Home 3D Printing Eleven The 3D Printing Eleven (3): Complexity is Free

The 3D Printing Eleven (3): Complexity is Free



When using 3D printing technologies, manufacturing complexity is free. The rule in traditional manufacturing is that the more complicated an object’s shape is, the higher the manufacturing costs are. On a 3D printer, the cost for a complex design are about the same as for a simple one. Fabricating a complicated shape does not require more time or cost than let’s say printing a simple shape, like a cube. This freedom in complexity however will disrupt traditional pricing models and finally change how the cost of manufacturing products are calculated.

Unparalleled Design Freedom

To take full benefit of the renewed manufacturing opportunities as offered by 3D printing, designers of lighting products along with specifiers such as lighting designers and architects need to start thinking even more “out-of-the-box” and start rediscovering the new ‘boundaries of manufacturing’. Since no tooling is involved anymore, the constraints as set by conventional product toolings are gone. Freeform products and high complexity components (e.g. multi-faceted) can now be designed and manufactured at zero extra cost. Since software tools are also getting stronger, more versatile and hands-on, even the designer doesn’t need to bring much extra skills, or to spent his valued time on additional design efforts.

“3D printing: rediscovering the boundaries of design and manufacturing technologies”

Creating Winners and Losers

When people say “complexity is free” they’re implicitly recognizing that 3D printing technology can be incredibly versatile. Because it generally produces objects “layer-by-layer,” or even more precise by depositing tiny “droplets-on-demand”, it can fabricate products that simply cannot be produced in another way. This critical attribute could transform the way some lighting manufacturers operate, and it may force others into obsolescence. Consider that many lighting products are currently assembled out of multiple subcomponents. Mostly, this is because of constraints that are imposed by the way these products are designed and manufactured. For example, using traditional methods to machine complex internal structures requires that those internal structures are generally accessible to machine tools and then assembled into a larger component. Now, multi-materials can be brought together in one single print run.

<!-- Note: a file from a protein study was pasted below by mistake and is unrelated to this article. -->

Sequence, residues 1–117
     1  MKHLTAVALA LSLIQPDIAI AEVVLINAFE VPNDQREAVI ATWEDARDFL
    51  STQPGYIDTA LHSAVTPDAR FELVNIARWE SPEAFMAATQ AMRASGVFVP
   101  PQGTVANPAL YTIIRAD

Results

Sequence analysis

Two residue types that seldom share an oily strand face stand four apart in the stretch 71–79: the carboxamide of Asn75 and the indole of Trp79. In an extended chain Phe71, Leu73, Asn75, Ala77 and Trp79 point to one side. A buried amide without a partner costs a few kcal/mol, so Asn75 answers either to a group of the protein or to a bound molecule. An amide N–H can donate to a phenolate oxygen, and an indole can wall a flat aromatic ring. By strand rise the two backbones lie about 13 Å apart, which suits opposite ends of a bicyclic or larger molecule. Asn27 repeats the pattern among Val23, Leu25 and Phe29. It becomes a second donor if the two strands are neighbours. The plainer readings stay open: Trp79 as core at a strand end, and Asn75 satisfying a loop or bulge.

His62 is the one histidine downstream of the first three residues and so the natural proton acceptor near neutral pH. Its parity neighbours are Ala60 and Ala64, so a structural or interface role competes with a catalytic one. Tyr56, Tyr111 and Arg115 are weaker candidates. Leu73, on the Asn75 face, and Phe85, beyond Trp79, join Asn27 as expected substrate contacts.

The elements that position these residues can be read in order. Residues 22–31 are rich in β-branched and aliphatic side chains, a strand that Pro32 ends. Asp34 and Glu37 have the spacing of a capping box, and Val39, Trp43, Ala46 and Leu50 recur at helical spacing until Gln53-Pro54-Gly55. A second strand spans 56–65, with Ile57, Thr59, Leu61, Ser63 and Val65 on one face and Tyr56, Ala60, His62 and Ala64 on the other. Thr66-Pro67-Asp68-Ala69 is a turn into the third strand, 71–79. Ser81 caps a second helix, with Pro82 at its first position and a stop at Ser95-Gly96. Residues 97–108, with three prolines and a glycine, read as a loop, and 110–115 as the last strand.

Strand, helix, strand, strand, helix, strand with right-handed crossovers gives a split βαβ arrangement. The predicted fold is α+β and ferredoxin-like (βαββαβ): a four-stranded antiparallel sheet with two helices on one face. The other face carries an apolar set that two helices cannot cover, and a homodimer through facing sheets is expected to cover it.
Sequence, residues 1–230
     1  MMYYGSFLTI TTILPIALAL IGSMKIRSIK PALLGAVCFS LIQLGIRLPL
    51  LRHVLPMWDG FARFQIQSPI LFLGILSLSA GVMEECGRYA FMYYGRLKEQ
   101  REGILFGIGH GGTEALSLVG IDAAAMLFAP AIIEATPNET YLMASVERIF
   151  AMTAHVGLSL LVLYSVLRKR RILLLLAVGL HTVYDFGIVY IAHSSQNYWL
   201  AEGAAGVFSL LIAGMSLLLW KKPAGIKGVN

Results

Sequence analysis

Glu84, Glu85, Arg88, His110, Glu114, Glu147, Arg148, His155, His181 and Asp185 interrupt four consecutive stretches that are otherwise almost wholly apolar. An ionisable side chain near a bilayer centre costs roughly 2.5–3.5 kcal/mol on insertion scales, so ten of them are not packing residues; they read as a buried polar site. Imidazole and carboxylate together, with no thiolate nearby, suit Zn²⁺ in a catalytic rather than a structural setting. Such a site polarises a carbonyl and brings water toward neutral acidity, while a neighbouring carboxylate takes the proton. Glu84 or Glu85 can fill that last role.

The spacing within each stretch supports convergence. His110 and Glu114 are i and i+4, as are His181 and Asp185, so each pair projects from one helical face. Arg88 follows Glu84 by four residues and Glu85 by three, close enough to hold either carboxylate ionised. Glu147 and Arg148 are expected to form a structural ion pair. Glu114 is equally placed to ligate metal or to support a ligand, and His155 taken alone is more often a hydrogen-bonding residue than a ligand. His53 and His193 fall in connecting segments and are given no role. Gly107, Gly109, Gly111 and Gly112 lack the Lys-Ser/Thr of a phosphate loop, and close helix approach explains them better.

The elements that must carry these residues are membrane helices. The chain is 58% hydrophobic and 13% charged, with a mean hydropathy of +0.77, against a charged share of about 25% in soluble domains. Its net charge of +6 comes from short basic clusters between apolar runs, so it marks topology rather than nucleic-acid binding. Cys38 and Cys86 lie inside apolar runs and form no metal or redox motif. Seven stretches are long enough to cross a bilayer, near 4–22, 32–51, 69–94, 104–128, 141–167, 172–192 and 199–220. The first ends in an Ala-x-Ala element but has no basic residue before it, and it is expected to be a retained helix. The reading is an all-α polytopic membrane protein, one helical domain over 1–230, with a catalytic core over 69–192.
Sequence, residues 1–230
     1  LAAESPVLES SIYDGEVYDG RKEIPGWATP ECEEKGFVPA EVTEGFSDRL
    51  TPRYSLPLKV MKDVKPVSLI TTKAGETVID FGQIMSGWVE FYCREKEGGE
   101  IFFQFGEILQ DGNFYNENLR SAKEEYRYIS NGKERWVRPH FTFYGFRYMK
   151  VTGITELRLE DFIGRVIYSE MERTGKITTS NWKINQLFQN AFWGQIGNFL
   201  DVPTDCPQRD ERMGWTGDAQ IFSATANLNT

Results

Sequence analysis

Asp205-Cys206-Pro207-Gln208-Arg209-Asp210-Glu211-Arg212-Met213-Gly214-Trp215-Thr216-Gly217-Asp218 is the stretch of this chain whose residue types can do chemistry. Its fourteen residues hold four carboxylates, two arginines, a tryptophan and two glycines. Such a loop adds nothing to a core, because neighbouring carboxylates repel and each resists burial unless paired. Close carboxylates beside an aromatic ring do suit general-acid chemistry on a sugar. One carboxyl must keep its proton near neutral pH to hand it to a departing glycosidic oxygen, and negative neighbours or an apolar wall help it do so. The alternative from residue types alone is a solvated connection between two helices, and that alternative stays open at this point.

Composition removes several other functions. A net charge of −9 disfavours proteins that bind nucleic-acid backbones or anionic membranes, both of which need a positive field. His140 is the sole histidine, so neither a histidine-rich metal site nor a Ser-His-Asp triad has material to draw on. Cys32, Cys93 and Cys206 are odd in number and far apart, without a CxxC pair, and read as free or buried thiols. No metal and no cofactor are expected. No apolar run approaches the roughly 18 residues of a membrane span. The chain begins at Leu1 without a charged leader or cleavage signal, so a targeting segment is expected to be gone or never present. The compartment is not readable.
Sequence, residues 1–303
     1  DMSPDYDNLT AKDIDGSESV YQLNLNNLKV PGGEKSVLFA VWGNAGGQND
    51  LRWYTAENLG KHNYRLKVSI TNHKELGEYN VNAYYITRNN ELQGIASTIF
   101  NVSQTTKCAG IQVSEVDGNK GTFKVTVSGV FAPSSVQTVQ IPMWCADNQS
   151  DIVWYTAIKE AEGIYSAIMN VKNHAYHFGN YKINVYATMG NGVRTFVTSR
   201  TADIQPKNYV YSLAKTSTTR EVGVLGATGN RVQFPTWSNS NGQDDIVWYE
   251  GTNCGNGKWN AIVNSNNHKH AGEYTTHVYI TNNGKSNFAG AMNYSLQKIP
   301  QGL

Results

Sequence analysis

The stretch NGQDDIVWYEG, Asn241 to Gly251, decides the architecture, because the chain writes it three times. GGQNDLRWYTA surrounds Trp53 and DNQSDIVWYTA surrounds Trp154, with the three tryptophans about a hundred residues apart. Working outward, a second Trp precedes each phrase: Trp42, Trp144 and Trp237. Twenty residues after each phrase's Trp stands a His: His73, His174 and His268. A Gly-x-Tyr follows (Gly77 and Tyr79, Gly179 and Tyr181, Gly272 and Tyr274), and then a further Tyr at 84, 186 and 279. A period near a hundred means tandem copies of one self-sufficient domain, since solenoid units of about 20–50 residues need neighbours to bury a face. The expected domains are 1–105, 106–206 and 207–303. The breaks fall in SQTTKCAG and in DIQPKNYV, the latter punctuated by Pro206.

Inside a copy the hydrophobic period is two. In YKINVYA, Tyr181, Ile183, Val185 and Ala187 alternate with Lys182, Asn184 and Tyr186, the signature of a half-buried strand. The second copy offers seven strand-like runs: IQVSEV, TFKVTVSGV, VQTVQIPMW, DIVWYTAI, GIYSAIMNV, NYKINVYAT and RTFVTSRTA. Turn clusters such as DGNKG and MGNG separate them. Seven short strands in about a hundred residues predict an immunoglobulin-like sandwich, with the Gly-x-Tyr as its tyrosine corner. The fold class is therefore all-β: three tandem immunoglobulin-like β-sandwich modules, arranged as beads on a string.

21st Century Design Engineering

Today, engineers are using 3D CAD software, they are now designing their parts on a computer screen. After the design process, they simulate the functionality, and if it seems to work fine, they transmit it to a 3D printer. The printer is filled with a metal powder and a laser device that literally “builds” the piece out of the metal powder to the exact specifications. Accordingly, you can test it and, when it is working well, you have your new part in hands, in as fast as one day. To be honest, some complex parts may require some more time for design and post-processing, and also the design software is not preserved from failures, but this is how it will work in the near future. That’s what we mean when we say “complexity is free”.

Shorter Cycle Times

With 3D printing, the product development cycle’s become amazingly shortened now: in only a couple of days you can have a visual concept available, the product design in place and the fabrication done. After that, you have it available for evaluation and testing whether it is working or not. If not, you can easily iterate the product and reprint, or just go ahead and within a week you have it produced. Apart from significant cost savings, digital manufacturing is bringing us both better performance and increased speed. In the past, performance worked against speed: the more tests you implemented to get an optimal product performance, the more time it took. When complexity is free, the full design – test – iterate – manufacture process is being reduced from months to weeks or, if needed, even days.

Soon, Volume 4 of the “3D Printing Eleven for the Lighting Industry” will be published. We’ll see how easy different iterations can be made on a product design by using a digital design and manufacturing process. Please make sure you stay tuned!

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Illumarco (Marco de Visser) is a Dutch self-proclaimed 3D Printing and Lighting enthusiast. Marco is an active contributor to the 3DPrinting.Lighting, Inspiration.Lighting and 3DPrinting.GLass blogs and actively involved with the global lighting, optics and maker movements.



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